6. NUP98-NSD1 gene fusion and its related gene expression signature are strongly associated with a poor prognosis in pediatric acute myeloid leukemia.

    Science.gov (United States)

    Shiba, Norio; Ichikawa, Hitoshi; Taki, Tomohiko; Park, Myoung-Ja; Jo, Aoi; Mitani, Sachiyo; Kobayashi, Tohru; Shimada, Akira; Sotomatsu, Manabu; Arakawa, Hirokazu; Adachi, Souichi; Tawa, Akio; Horibe, Keizo; Tsuchida, Masahiro; Hanada, Ryoji; Tsukimoto, Ichiro; Hayashi, Yasuhide

    2013-07-01

    The cryptic t(5;11)(q35;p15.5) creates a fusion gene between the NUP98 and NSD1 genes. To ascertain the significance of this gene fusion, we explored its frequency, clinical impact, and gene expression pattern using DNA microarray in pediatric acute myeloid leukemia (AML) patients. NUP98-NSD1 fusion transcripts were detected in 6 (4.8%) of 124 pediatric AML patients. Supervised hierarchical clustering analyses using probe sets that were differentially expressed in these patients detected a characteristic gene expression pattern, including 18 NUP98-NSD1-negative patients (NUP98-NSD1-like patients). In total, a NUP98-NSD1-related gene expression signature (NUP98-NSD1 signature) was found in 19% (24/124) and in 58% (15/26) of cytogenetically normal cases. Their 4-year overall survival (OS) and event-free survival (EFS) were poor (33.3% in NUP98-NSD1-positive and 38.9% in NUP98-NSD1-like patients) compared with 100 NUP98-NSD1 signature-negative patients (4-year OS: 86.0%, 4-year EFS: 72.0%). Interestingly, t(7;11)(p15;p15)/NUP98-HOXA13, t(6;11)(q27;q23)/MLL-MLLT4 and t(6;9)(p22;q34)/DEK-NUP214, which are known as poor prognostic markers, were found in NUP98-NSD1-like patients. Furthermore, another type of NUP98-NSD1 fusion transcript was identified by additional RT-PCR analyses using other primers in a NUP98-NSD1-like patient, revealing the significance of this signature to detect NUP98-NSD1 gene fusions and to identify a new poor prognostic subgroup in AML. Copyright © 2013 Wiley Periodicals, Inc.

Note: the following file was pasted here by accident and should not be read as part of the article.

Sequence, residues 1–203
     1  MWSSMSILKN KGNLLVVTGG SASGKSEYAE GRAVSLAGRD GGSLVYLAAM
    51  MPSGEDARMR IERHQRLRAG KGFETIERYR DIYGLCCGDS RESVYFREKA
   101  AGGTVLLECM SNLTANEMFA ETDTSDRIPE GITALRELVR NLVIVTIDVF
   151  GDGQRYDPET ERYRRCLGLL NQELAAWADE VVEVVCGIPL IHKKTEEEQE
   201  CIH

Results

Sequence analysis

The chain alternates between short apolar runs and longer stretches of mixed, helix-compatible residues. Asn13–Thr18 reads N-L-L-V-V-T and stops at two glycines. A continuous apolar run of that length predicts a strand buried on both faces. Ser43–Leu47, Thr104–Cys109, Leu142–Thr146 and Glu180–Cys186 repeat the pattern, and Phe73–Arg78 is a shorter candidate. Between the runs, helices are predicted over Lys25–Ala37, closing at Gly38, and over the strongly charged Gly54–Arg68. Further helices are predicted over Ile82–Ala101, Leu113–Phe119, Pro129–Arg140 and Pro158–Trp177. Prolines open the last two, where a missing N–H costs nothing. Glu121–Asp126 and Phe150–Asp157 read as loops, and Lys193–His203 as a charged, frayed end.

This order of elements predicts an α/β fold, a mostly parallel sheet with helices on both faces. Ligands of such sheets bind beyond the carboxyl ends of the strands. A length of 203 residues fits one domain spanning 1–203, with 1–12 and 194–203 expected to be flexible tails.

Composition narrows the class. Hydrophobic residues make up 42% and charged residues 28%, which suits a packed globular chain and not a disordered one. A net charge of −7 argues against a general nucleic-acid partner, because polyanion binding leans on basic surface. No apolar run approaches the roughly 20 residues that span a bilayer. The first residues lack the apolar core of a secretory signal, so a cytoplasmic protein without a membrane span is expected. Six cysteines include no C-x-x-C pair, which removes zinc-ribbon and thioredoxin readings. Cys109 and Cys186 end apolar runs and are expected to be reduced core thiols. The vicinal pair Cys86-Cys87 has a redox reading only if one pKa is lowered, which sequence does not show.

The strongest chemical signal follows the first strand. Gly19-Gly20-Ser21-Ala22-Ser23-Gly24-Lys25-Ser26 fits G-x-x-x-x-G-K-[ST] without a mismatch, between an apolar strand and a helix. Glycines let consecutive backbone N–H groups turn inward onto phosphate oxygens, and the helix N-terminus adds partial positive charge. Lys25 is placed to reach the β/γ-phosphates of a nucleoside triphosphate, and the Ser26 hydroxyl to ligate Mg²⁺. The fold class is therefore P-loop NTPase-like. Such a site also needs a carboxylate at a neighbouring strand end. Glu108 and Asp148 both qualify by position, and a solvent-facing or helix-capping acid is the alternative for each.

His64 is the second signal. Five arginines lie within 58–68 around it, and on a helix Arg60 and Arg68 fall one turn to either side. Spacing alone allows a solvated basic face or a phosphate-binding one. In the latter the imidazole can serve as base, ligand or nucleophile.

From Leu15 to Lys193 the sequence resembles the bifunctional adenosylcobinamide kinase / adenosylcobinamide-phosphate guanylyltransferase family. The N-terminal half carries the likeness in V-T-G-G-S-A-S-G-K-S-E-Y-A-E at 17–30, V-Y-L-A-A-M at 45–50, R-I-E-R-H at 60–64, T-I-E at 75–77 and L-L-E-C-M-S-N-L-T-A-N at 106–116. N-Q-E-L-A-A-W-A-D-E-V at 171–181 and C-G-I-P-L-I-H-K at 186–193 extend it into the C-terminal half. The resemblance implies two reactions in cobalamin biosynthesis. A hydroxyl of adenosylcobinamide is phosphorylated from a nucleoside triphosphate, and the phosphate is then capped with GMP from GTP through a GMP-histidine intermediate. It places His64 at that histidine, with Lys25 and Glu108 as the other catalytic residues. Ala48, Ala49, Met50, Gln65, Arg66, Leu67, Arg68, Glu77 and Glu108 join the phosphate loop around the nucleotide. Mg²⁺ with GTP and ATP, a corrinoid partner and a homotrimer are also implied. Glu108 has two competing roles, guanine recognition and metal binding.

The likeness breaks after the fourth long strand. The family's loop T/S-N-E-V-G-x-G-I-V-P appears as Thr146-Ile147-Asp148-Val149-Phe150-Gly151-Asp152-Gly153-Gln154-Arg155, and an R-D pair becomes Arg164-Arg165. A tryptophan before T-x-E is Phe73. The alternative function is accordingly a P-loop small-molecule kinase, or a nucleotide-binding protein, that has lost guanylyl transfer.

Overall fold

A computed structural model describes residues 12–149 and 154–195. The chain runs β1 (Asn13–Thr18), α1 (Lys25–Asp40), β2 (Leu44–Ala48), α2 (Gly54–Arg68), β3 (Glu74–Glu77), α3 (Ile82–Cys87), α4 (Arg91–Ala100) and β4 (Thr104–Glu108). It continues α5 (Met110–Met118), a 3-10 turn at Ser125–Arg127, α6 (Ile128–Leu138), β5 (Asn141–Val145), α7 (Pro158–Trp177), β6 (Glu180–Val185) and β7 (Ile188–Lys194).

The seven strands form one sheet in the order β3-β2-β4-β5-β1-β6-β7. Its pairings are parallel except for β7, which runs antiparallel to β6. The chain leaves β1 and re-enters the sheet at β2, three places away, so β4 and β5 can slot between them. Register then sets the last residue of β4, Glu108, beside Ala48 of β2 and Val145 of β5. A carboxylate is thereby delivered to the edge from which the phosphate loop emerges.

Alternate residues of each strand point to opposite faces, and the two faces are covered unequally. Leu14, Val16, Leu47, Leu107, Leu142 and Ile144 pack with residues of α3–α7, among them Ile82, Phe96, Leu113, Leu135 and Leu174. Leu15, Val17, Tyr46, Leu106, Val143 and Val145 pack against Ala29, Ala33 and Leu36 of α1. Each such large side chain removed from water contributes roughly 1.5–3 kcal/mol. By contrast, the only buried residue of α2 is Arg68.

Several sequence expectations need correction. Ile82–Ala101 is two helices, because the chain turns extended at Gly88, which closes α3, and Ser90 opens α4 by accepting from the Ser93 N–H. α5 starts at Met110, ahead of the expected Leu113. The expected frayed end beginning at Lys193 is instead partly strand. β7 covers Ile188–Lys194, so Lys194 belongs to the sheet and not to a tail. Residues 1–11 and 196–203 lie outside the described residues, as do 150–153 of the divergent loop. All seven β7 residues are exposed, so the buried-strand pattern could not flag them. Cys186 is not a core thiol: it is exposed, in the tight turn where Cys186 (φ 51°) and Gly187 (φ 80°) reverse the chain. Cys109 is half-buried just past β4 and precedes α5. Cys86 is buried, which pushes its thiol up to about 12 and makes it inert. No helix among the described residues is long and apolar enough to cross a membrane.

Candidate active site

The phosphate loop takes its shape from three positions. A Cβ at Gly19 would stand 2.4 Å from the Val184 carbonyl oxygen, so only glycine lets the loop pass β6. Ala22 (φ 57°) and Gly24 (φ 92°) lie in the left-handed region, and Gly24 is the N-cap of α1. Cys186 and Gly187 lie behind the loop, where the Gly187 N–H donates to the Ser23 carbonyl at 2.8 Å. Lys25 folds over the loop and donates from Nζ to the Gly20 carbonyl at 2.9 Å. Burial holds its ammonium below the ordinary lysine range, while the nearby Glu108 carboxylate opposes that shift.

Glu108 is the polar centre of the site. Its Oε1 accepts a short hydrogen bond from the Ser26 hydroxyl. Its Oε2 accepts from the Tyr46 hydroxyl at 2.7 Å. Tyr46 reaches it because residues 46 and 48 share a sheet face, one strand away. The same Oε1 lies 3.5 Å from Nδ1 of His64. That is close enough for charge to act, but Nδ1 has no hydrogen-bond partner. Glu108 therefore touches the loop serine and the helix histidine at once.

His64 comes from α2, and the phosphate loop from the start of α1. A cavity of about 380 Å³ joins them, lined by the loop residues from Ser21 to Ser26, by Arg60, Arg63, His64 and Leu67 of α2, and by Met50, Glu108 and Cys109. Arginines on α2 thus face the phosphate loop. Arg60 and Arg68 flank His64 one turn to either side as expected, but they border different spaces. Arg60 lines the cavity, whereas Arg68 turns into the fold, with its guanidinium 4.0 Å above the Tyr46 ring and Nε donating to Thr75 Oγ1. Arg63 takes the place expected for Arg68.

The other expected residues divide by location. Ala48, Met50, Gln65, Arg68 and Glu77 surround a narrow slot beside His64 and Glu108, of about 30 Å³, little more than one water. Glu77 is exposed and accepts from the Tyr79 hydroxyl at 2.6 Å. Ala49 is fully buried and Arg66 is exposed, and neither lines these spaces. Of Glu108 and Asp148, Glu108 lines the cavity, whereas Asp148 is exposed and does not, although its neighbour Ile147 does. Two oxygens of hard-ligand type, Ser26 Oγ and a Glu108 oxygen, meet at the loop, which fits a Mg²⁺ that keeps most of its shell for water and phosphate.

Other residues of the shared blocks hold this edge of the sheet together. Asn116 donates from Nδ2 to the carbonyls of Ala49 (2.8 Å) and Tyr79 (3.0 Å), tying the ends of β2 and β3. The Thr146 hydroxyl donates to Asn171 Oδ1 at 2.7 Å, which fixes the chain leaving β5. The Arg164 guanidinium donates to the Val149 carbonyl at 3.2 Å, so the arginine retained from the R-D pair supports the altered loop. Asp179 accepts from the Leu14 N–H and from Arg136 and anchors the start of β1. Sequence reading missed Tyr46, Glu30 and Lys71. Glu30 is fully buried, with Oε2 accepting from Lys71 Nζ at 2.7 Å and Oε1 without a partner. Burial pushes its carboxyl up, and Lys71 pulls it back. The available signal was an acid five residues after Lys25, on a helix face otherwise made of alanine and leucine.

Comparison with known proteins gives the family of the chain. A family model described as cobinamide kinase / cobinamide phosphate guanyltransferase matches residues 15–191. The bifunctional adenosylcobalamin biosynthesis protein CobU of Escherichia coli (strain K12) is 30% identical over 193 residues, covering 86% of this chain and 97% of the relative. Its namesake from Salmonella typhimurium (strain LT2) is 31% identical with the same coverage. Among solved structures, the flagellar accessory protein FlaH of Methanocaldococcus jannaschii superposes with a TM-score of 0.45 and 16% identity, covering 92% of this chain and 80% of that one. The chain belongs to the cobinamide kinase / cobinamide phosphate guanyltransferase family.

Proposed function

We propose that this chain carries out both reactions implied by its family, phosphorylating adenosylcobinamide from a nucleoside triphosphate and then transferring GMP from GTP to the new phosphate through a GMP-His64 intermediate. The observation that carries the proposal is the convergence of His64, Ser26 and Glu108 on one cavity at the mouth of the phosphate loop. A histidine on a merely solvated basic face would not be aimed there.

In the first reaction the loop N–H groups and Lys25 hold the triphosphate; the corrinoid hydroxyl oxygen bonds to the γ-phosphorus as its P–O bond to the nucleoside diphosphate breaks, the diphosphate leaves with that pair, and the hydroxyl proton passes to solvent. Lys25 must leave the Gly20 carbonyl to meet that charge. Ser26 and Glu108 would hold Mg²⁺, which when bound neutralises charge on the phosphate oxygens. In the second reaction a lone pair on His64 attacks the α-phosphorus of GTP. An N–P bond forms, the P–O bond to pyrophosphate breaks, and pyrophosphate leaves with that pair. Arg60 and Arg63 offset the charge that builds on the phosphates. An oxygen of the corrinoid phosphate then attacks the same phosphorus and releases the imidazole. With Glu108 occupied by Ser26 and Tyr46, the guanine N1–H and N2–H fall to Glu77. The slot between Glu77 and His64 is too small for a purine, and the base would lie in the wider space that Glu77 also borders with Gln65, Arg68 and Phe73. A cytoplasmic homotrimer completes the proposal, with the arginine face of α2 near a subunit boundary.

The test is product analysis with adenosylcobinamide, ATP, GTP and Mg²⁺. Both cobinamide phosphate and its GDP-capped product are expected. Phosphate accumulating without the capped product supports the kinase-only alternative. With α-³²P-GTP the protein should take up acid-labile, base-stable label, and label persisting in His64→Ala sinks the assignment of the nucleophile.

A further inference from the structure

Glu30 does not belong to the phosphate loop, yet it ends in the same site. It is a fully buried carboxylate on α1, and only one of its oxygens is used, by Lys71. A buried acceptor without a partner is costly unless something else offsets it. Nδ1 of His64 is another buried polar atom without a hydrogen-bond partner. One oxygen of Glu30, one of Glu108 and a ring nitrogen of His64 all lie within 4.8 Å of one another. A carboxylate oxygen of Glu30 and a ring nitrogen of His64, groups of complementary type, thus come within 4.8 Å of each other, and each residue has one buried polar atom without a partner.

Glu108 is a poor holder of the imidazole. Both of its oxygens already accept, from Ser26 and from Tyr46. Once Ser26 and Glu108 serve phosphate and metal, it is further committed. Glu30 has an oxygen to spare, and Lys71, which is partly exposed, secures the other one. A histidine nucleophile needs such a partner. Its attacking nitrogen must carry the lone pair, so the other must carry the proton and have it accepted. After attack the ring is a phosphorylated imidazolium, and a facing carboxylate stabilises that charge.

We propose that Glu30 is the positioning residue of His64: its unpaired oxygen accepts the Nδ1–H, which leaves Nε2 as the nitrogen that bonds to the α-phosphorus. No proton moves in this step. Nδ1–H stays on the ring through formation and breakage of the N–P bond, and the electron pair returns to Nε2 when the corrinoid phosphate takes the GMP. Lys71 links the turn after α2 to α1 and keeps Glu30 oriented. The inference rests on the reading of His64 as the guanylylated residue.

7. Positive acculturation conditions and work related outcomes : the mediating role of integration / Russell A.L.

    OpenAIRE

    Russell, Abram Laurie

    2011-01-01

    Multiculturalism has emerged to challenge liberalism as an ideological solution in coping with ethnic diversity. Inter–ethnic group contact amongst individuals of different cultures is defined as acculturation. Acculturation is an experience from different cultural encounters between employees and their work environments where organisational socialization is a prerequisite to becoming accustomed to different cultural conditions. Acculturation orientation is related to well–bein...

  8. Experiences of HIV-related stigma among HIV-positive older ...

    African Journals Online (AJOL)

    Monica O. Kuteesa

    2014-07-23

    Jul 23, 2014 ... maliciously); to (2) discriminatory behaviour (active or enacted stigma; from malicious gossip to outright discrimination). Despite the relatively .... including the household, community, workplace and health-care settings (Kuteesa ... sexual and ethnic minorities, because many people still hold beliefs that may ...

  9. Corporate Social Responsibility, Organizational Justice and Positive Employee Attitudes: In the Context of Korean Employment Relations